Monday, January 8, 2018

Cultured Meat Misses the Mark


The idea of growing meat in a vat instead of on an animal is gaining traction, and a handful of new companies have been formed to pursue the dream of animal-free meat. It appears that there is almost all upside to the notion. Were everyone in the world who currently eats animals to make the switch, the benefits to the planet’s health would be immense.

I recently had a conversation with a friend about cultured meat which almost resulted in a $100 wager. He thought that cultured meat would have a huge effect across the board: ethically, environmentally, and economically. And, if a large part of the population embraces the product, it could.

But the more we talked, him the optimist, me the pessimist, the less sure he became. He said that he thought cultured meats would follow a market penetration path somewhat similar to the plant-based milks, which he thought was about 10%. He decided that with luck, we might see a 5% market penetration of cultured meat within 20 years. I suggested that if many of those buying the plant milks would be those also buying the cultured meat, then maybe the meats would not result in a significant change.

Further consideration led him to abandon the bet. I gloated to myself a bit, but further study of the issue has nudged me toward his side of the argument.

The plant-based milks seem to have been more successful than we assumed. Here are numerous bits of data and projections that make it look like the plant-based milks are kicking-ass, market-wise. Plant-based milks have enjoyed a 33% market penetration, and the projections are that this number is increasing.

But, as happy as that statistic made me, the success of the plant milks do not seem to have had a noticeable impact on the U.S. dairy industry so far:

Thinking of other animal product replacements that have come along, I am hard-pressed to point to many that have resulted in a reduction in animal use. Faux fur doesn't seem to have had much if any impact on the fur industry, and since leather is a byproduct of beef production, plastic shoes, even if everyone was wearing them, probably wouldn't have any effect on the number of animals slaughtered.

Someone else suggested that plastic had replaced the use bone for knitting needles and vegetable oil has replaced lard, but in spite of those replacements,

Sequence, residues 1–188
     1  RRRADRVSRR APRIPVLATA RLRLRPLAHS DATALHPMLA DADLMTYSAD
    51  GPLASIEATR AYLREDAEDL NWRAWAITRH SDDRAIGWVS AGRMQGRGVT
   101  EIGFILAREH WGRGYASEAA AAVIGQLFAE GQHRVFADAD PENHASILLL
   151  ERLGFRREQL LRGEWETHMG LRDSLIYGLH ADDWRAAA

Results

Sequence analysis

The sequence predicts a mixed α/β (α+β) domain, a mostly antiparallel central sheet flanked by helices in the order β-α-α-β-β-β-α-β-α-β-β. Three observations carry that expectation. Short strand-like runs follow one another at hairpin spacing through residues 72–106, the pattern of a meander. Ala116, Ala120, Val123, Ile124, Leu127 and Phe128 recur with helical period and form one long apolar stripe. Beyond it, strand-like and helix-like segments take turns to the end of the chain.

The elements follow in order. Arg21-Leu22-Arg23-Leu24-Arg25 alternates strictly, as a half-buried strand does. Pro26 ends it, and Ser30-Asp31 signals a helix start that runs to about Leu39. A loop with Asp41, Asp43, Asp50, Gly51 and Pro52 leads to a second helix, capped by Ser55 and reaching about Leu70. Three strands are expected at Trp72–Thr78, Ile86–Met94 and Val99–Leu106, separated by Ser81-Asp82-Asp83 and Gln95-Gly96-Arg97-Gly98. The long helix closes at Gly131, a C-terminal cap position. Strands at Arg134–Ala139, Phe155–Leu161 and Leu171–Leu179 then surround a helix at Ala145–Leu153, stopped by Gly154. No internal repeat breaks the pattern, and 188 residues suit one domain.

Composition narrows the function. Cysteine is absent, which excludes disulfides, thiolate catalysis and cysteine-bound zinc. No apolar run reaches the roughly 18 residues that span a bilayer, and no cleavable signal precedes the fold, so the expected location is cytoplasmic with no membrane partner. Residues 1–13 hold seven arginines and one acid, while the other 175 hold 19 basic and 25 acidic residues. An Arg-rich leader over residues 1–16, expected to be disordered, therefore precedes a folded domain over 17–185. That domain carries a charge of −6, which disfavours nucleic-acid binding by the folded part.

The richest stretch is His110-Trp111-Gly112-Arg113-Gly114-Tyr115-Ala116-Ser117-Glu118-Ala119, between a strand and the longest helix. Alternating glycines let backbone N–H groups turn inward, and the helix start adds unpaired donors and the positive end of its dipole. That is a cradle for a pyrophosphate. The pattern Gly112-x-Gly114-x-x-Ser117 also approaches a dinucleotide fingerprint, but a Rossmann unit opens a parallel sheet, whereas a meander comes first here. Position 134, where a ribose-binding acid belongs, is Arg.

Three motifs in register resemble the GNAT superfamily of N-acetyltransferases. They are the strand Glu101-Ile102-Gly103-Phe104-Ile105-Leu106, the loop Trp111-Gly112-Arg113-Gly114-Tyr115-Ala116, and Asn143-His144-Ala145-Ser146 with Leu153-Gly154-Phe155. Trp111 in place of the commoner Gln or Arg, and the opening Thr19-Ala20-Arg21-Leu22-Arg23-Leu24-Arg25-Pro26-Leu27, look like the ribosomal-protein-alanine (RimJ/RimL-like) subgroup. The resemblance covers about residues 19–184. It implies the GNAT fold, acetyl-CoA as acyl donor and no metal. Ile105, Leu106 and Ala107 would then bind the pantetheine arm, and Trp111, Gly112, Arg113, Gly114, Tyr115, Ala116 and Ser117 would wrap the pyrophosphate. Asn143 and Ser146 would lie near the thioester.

American consumption of red meat and poultry per capita is forecast to hit 222.2 pounds per person in 2018, up from 216.9 pounds in 2017 and 210.2 pounds in 1998, according to the U.S. Department of Agriculture. That’s the highest amount of meat consumption within the last 50 years. Production of both red meat and poultry will increase in 2018, at the same time the U.S. economy is growing and Americans have more money to spend on food, it found. [MarketWatch.com]
The one case I thought of as being an example of a widely used animal product being forced out of the market by consumer preferences was whale oil. Apparently though, that wasn't the case either.

The internal combustion engine must have resulted in a drastic reduction in the horse population, so it isn't impossible for technological advances to lead to less animal use, but then, the opposite is possible as in the case of the cotton gin leading to a dramatic increase in the number of slaves in the antebellum south.

All of this brings me to the point of this essay: namely, that new product introductions will not lead to advances in ethics and moral behavior. In order to see real improvement in how we treat the planet, in how we treat its other residents, we have to change people's minds, we have to instill a concern for others, we have to sell them on the universality of the Golden Rule.

Without a change of heart, no technological advance is likely to mean very much in a statistical sense when if comes to the animals we harm and kill, the animals whose homes we destroy, whose lives remain unnoticed and unimportant to us. But a change in popular belief would have an immediate and sweeping impact because behavior would be instantly altered.

To the degree that the animal rights movement has had an effect, that veganism has become more commonly mentioned, this has been caused by words rather than new products. Likewise for every social gain we have made. Words motivate action. Words lead to changes in the law. Words change people's beliefs. Words have always been the catalyst for social progress. We need more and better words. Louder words, and of course, lots of pictures.

[For those with an interest in the science behind the lab-grown meats, I found this article to be helpful.]

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